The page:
ACTION is needed to ensure issues surrounding elections are discussed in secondary schools, a committee of MSPs said.
Members of the Devolution Committee have given their backing to legislation that will allow 16 and 17-year-olds to vote in future Scottish Parliament elections, as well as council elections north of the border.
“All parties represented on the committee and the Parliament agree that 16 and 17-year-olds should be able to vote in future elections. The experience of last year’s referendum demonstrated that young people not only want a voice, they want a vote”Bruce Crawford
The Scottish Election (Reduction of Voting Age) Bill should be passed in time for this group to take part in next May’s Holyrood ballot.
But the MSPs’ report on the legislation said: “The committee believes that more should be done by Education Scotland, local authorities and the Electoral Commission to ensure that all local authorities across Scotland and the relevant education bodies are best supporting the discussion of election issues in schools and colleges.”
The MSPs welcomed work being done by the Electoral Commission and others to raise teenagers’ awareness of their rights and the process for registration and voting.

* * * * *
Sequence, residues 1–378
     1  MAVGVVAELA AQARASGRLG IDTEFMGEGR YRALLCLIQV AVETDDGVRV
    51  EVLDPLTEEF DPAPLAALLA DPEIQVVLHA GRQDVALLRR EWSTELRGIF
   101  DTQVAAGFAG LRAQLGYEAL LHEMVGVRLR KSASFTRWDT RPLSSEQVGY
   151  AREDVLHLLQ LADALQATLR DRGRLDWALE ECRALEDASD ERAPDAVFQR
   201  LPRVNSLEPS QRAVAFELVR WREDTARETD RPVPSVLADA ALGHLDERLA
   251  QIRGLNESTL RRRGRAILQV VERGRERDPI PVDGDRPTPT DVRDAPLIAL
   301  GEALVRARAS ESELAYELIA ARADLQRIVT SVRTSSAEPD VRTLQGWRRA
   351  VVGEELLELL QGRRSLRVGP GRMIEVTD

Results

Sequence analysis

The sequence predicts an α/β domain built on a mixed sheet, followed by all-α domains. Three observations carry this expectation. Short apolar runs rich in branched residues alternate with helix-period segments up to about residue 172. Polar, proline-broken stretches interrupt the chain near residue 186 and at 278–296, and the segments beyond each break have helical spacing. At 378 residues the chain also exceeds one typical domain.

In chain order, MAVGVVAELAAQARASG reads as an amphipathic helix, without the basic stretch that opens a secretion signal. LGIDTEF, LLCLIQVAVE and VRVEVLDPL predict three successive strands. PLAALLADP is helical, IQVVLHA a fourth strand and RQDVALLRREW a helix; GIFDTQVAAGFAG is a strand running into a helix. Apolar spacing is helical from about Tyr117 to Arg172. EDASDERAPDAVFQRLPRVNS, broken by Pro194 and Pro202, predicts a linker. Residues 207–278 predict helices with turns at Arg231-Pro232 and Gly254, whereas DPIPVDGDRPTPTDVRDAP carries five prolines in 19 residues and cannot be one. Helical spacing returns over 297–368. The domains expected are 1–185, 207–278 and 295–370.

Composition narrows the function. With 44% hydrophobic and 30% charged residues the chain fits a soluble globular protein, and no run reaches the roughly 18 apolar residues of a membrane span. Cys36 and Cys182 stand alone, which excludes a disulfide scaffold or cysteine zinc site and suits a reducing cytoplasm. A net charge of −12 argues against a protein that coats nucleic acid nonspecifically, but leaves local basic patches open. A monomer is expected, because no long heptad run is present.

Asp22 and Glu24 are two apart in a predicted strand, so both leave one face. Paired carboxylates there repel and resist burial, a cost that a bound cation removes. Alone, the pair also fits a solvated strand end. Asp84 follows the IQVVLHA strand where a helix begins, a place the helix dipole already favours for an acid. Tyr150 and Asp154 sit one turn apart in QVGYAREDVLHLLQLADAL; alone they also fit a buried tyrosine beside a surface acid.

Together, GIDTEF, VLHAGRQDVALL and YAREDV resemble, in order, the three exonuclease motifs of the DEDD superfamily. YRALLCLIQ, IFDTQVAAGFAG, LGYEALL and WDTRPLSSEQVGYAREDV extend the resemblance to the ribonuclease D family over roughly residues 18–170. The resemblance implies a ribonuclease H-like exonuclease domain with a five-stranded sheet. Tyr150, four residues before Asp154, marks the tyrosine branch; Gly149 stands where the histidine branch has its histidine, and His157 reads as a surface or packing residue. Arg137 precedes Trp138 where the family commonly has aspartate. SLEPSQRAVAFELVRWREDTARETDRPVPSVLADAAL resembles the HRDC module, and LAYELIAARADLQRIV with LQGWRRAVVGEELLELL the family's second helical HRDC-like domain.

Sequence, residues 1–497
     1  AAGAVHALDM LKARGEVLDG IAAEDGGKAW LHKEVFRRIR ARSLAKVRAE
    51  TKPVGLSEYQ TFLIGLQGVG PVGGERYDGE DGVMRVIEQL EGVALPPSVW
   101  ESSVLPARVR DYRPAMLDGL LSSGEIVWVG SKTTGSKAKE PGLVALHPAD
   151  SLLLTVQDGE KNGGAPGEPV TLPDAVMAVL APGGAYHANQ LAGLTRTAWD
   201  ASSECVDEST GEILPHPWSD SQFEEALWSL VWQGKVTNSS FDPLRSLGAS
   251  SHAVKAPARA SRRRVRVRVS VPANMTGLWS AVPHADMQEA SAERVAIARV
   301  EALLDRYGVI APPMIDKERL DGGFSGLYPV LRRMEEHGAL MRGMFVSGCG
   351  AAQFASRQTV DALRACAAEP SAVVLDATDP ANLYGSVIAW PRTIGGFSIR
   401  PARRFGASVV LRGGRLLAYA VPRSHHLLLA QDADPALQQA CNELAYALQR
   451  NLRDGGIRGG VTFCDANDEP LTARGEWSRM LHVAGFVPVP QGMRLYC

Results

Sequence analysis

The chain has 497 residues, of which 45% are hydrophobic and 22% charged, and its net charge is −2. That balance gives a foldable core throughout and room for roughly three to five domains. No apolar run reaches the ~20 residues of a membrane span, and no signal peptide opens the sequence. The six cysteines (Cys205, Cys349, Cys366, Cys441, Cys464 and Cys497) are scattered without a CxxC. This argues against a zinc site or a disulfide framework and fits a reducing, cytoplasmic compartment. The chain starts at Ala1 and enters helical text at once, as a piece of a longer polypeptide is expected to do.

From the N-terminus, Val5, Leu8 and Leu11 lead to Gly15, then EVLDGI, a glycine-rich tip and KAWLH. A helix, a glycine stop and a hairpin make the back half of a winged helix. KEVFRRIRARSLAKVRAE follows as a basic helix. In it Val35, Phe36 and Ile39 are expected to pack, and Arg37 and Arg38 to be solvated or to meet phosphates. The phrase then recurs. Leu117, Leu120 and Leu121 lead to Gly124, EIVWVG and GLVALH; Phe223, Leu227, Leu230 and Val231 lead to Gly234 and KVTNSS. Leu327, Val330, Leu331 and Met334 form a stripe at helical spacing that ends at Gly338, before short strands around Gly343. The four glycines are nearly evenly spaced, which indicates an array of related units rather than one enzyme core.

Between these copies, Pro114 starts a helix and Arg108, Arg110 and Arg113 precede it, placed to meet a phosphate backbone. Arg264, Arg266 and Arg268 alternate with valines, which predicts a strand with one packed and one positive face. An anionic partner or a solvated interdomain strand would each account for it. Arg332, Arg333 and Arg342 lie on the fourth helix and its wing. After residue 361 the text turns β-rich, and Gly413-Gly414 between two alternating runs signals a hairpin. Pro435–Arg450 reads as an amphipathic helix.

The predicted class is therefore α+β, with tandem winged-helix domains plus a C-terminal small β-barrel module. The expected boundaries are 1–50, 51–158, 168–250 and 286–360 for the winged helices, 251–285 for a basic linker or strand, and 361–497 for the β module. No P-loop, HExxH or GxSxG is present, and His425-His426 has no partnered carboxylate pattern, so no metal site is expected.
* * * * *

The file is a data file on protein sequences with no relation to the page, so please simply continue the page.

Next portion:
In the aftermath of last year’s independence referendum - the first national ballot 16 and 17-year-olds were allowed to take part in - the committee had highlighted the need for national guidance to combat inconsistencies in schools about what issues could and could not be discussed.
Their report has now recommended Education Scotland reviews and updates its guidance “to ensure consistency in this area”.
Committee convener Bruce Crawford said: “All parties represented on the committee and the Parliament agree that 16 and 17-year-olds should be able to vote in future elections. The experience of last year’s referendum - and the enthusiasm and engagement it generated - demonstrated that young people not only want a voice, they want a vote.
“In our evidence session we have heard from those involved in administering elections, in compiling registers and from representatives of young people including young people themselves.
“While the committee believes that more needs to be done to ensure that schools and colleges are best supported to help discussion of election issues, we unanimously support the general principles of this Bill.”